The Blog

A Deafening Moment

Picture taken inside of Levari's Farm Market in Buena, N.J.

Prologue
I wrote this poem on July 4, 1997, after taking part in and observing a traditional barbecue at the New Jersey shore. I remember writing it as you would a stream of consciousness rant. As even a casual sports fan may recall, there was an infamous boxing event around that time, a rematch originally billed with a promotional wink (knowingly or not) to William Faulkner as “The Sound and The Fury.” (Shortly thereafter the World Boxing Association spectacle was to be remembered as “The Bite Fight.”). It featured a clash of pugilistic warriors: a first-class heavyweight titan and a modern-day villain, a ravenous ring thug who shares his name with a chicken manufacturer. In a frenzied, circus-like ending that would cause a Hollywood producer to preen, the villain bit off a piece of the champ’s ear and modern civilization is still shaking its collective head and reeling from the consequences.

As I bite into my
Ear of corn
With the surf crashing
On Long Beach Island,

And I bite into my conscious rage
With firecrackers booming
In a mental slapstick routine
Of independence observed,

And I bite into the flying burritos of angst and shame harmonized
With bikini-clad American flags slopping up poisonous lotion
While bow-legged pale piranhas munch on their lunches and fantasize,

And I bite into an exhilarating breeze of pretension reduced to fisticuffs,
Exorcized by the spirit of the sea’s therapeutic contents,
With scavengers overhead lining up their next fateful victim,

And I bite into a fury of foolish sundries rattling the concaves of my inner sanctum,
Salivating with delight at the fleeting embrace of peace and prosperity,
Winding delicately around a flag pole,
Waving riotously at stoned spectators,
And winking snidely at their rituals.

As I bite into my half ear of corn
Like a prizefighter who has lost his senses,
Who has found the task of civility unnerving,
Tedious,
Taxing.

As I bite into my half ear of sweet Jersey corn,
I realize that residing in a shore house
With a sweeping ocean view from a wraparound cedar deck
Even if it’s just for a week
Is a world better
Than habituating the rich muscular body of a mentally deficient savage,
A loose jowl of lunacy,
A mad dog drooling and foaming capitalism,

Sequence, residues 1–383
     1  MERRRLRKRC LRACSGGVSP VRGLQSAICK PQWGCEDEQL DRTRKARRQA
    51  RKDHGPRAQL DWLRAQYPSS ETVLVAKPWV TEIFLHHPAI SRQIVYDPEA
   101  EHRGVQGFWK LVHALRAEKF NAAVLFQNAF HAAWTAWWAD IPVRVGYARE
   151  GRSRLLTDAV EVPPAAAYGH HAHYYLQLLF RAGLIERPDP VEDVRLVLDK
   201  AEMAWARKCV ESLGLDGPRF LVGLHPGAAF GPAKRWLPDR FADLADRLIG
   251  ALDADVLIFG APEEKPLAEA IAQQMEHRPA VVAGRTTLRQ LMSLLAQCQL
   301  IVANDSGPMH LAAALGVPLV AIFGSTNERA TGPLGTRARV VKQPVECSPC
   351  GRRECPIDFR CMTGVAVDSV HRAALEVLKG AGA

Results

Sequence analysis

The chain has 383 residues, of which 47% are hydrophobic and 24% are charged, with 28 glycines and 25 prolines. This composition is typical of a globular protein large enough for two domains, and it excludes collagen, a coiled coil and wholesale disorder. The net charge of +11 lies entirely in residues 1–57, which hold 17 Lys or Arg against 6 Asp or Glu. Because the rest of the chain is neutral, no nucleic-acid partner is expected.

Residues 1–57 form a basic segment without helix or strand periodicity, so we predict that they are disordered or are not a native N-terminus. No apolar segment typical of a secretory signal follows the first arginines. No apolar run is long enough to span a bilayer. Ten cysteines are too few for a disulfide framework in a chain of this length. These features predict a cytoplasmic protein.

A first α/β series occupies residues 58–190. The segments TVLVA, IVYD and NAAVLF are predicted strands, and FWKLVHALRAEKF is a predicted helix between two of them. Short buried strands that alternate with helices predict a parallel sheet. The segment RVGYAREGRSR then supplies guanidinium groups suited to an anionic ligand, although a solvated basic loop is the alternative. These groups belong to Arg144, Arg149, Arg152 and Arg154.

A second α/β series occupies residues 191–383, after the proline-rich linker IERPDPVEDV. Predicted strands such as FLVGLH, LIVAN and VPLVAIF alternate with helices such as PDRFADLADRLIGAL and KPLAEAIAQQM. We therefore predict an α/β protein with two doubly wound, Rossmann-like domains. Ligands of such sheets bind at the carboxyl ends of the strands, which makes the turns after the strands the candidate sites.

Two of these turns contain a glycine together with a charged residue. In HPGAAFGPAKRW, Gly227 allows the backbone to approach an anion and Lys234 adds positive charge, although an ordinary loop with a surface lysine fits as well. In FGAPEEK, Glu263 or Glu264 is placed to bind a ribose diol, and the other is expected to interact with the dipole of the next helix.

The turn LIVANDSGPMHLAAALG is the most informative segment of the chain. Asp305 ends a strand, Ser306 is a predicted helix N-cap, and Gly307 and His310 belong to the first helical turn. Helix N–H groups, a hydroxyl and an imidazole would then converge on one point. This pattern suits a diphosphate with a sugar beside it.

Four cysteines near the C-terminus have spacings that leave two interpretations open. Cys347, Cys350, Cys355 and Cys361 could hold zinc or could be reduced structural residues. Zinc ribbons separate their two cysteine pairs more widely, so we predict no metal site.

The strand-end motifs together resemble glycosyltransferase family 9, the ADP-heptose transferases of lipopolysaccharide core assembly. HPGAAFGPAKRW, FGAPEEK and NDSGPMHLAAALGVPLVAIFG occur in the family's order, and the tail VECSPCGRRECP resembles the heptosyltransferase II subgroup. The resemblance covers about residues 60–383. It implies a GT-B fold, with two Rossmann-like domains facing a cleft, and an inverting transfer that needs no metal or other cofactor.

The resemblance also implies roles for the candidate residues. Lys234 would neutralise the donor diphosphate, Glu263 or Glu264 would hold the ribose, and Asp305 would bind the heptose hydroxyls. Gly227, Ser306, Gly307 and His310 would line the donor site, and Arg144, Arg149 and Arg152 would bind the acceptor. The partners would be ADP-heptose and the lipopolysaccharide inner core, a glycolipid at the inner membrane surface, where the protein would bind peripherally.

Capsized by a preposterous payday,
Shaking and bobbing his thick head furiously,
A gyrating short jabbing jaw of jealousy
Ripping the cork from dignified composure,
And spitting it into the faces of overstuffed pseudo-Romans
In an arena of green filth and sinister applause.

As I bite into my half ear of corn
On Fourth of July,
A holiday I was taught
To respect and revere
For its historical significance,
A Time to reflect humbly on the valor and selflessness of past generations,
I acknowledge my solitary glimpse
At the fruitful results of war
For freedom’s sake
Over the ugly reality of being stuck
Sticking out my chin, rubbing elbows and exchanging blows
With a greed bleeding abrasive broker
On a noise-polluted stock exchange floor
Who panics at the sudden rise in interest rates
Because the price of pig ears has just fallen to a new all-time low.

As I bite into this sweaty indifferent ear,
I study the fragmented kernels closely
And see how each one I so unceremoniously pluck with my teeth
Creates a ditch in the surface,
Divisions that leave the cob a shadow of its self,
A tattered piece of its better whole,
Making me wonder
Why we all so often
Screw up a good thing
Such as a sporting event,
A relationship
Or a country.
– DC 7/4/97

  • [About Dan Cafaro]
    [Poetry Break Editor Note]
  • About Dan Cafaro

    Dan Cafaro is the founder and publisher of Atticus Books, a small press based in Madison, N.J. When Dan is not following his wife around the country, he is known to sit for long periods of time pondering how to live off the grid. Atticus Review is his first literary journal.

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